One of the somewhat confusing protocols in Layer 2 networking is Proxy ARP. Probably most of you already know how ARP works. In this post I will explain the principles behind Proxy ARP, and have a short look at the benefits and drawbacks.
The Address Resolution Protocol is responsible to find the MAC adress of a host with a known IP address. ARP is based directly on Ethernet and has a protocol type value of 0x0806. The following image shows the typical ARP header, when querying for an IPv4 target address.
The image shows the ARP header for an IPv4 request, as the sender and target protocol address has exactly 4 octects. The following list explains the different header fields.
- Hardware Type is the Layer 2 protocol. Typically the Layer 2 address is known. In general, this is Ethernet (value: 1)
- Protocol Type is the Layer 3 protocol, which is requested using this ARP request. Typically this is IPv4 (value: 0x0800)
- Hardware and Protocol Length is the length of the Layer 2 and 3 addresses in octets (values: Ethernet: 6 octets, IPv4: 4 octets)
- Sender Hardware address is the L2 address of the host sending the request
- Sender IP (Protocol) address is the L3 address of the host sending the request
- Target Hardware address is typically set to “FF:FF:FF:FF:FF:FF”, indicating a broadcast destination
- Target IP (Protocol) address is the Protocol address. This is typically known to the host which sends the request, and is set in the header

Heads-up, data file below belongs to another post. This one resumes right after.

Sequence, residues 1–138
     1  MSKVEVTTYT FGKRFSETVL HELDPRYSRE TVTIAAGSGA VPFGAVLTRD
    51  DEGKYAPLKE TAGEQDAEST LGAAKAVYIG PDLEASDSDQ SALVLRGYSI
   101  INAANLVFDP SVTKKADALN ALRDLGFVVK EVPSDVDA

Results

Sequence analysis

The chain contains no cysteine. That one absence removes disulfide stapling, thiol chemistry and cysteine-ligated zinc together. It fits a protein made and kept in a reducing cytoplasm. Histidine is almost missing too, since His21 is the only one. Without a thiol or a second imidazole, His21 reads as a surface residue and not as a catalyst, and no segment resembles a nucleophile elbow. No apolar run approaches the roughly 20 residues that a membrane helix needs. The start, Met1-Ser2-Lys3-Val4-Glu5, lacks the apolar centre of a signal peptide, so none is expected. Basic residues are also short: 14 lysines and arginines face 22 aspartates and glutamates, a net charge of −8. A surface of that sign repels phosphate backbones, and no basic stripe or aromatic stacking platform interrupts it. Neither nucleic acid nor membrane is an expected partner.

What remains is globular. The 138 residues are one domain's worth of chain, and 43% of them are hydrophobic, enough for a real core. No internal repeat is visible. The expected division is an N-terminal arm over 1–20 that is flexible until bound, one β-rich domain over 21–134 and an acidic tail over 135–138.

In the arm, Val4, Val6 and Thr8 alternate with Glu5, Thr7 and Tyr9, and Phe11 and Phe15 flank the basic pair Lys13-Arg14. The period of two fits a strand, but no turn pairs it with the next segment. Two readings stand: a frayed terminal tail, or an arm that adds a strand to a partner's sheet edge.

The ARP request is broadcasted into the Layer 2 domain. Each host receiving such a request, looks up the target IP address and answers if this address belongs to the host. It then constructs an ARP reply, which is sent directly to the source MAC address, including both the MAC and IP address of the target host. If the requested IP address does not belong to the host, the message is ignored.
So what does Proxy-ARP? It uses exactly the same packet structure as normal ARP. Proxy-ARP allows a router to respond in behalf of clients residing on another subnet of the router. It then answers with its own MAC address, which results in the traffic to be sent to the router. Consider the following scenario, where you have a /27 subnet, which is however not routed to your appliance. The outside interface of the router or firewall has one IP address out of the subnet, and the inside hosts are NATed to this IP.
In this case, a host on the inside should be NATed to another IP from the outside subnet. The direction from the inside to the outside is no problem, as the host has a static default route pointing to the firewall or router. At the opposite direction, however, the router needs to know where to find the 220.127.116.11 address. It sends out an ARP request, querying for the MAC address of 18.104.22.168. As no device (including the Router/FW device) has the interface with this IP configured, noone will respond to the ARP request.
However, with Proxy ARP enabled, the FW will respond to the query with its own MAC address, even if it does not have the interface configured. Thus, the router sends the packets destined to 22.214.171.124 to the FW device, which in turn applies the NAT rules and forwards it to the actual host. There is one clue, whatsoever:
The FW will only reply to the Proxy ARP request, if it has a valid route to this destination. In case of a Cisco ASA or a firewall device, there is another gotcha: Proxy ARP is auto-enabled by default in case of static NAT and identity based NAT. I will further explain this in another article to follow.